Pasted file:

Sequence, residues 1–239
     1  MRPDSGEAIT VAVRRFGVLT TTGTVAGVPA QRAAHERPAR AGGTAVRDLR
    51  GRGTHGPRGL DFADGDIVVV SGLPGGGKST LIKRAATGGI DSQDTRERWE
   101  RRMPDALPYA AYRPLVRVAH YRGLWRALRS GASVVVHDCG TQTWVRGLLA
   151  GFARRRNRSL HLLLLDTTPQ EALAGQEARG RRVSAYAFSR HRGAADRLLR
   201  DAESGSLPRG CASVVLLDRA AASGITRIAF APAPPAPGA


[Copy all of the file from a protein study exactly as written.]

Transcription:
Sequence, residues 1–239
     1  MRPDSGEAIT VAVRRFGVLT TTGTVAGVPA QRAAHERPAR AGGTAVRDLR
    51  GRGTHGPRGL DFADGDIVVV SGLPGGGKST LIKRAATGGI DSQDTRERWE
   101  RRMPDALPYA AYRPLVRVAH YRGLWRALRS GASVVVHDCG TQTWVRGLLA
   151  GFARRRNRSL HLLLLDTTPQ EALAGQEARG RRVSAYAFSR HRGAADRLLR
   201  DAESGSLPRG CASVVLLDRA AASGITRIAF APAPPAPGA